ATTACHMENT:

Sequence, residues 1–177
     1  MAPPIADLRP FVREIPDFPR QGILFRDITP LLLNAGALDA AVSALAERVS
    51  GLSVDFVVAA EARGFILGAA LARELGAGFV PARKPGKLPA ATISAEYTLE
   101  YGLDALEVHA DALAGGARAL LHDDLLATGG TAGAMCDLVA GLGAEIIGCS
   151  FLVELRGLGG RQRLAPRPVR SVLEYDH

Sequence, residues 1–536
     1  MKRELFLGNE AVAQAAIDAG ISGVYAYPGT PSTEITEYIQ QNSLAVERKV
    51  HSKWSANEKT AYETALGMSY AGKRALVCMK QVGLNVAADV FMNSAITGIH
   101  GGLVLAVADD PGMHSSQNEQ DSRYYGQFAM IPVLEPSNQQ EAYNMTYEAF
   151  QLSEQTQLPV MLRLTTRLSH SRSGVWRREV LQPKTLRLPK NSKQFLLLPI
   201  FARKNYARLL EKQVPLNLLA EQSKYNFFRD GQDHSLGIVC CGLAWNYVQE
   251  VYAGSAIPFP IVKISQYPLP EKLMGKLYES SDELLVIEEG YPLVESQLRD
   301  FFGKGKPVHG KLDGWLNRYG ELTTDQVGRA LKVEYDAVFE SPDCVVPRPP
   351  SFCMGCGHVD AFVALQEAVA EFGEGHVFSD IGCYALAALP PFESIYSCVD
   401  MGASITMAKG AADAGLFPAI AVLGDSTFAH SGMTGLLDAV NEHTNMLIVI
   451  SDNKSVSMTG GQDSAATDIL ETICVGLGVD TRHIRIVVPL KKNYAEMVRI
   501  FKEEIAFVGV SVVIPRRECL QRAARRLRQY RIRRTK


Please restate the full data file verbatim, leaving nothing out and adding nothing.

Sequence, residues 1–177
     1  MAPPIADLRP FVREIPDFPR QGILFRDITP LLLNAGALDA AVSALAERVS
    51  GLSVDFVVAA EARGFILGAA LARELGAGFV PARKPGKLPA ATISAEYTLE
   101  YGLDALEVHA DALAGGARAL LHDDLLATGG TAGAMCDLVA GLGAEIIGCS
   151  FLVELRGLGG RQRLAPRPVR SVLEYDH

Sequence, residues 1–536
     1  MKRELFLGNE AVAQAAIDAG ISGVYAYPGT PSTEITEYIQ QNSLAVERKV
    51  HSKWSANEKT AYETALGMSY AGKRALVCMK QVGLNVAADV FMNSAITGIH
   101  GGLVLAVADD PGMHSSQNEQ DSRYYGQFAM IPVLEPSNQQ EAYNMTYEAF
   151  QLSEQTQLPV MLRLTTRLSH SRSGVWRREV LQPKTLRLPK NSKQFLLLPI
   201  FARKNYARLL EKQVPLNLLA EQSKYNFFRD GQDHSLGIVC CGLAWNYVQE
   251  VYAGSAIPFP IVKISQYPLP EKLMGKLYES SDELLVIEEG YPLVESQLRD
   301  FFGKGKPVHG KLDGWLNRYG ELTTDQVGRA LKVEYDAVFE SPDCVVPRPP
   351  SFCMGCGHVD AFVALQEAVA EFGEGHVFSD IGCYALAALP PFESIYSCVD
   401  MGASITMAKG AADAGLFPAI AVLGDSTFAH SGMTGLLDAV NEHTNMLIVI
   451  SDNKSVSMTG GQDSAATDIL ETICVGLGVD TRHIRIVVPL KKNYAEMVRI
   501  FKEEIAFVGV SVVIPRRECL QRAARRLRQY RIRRTK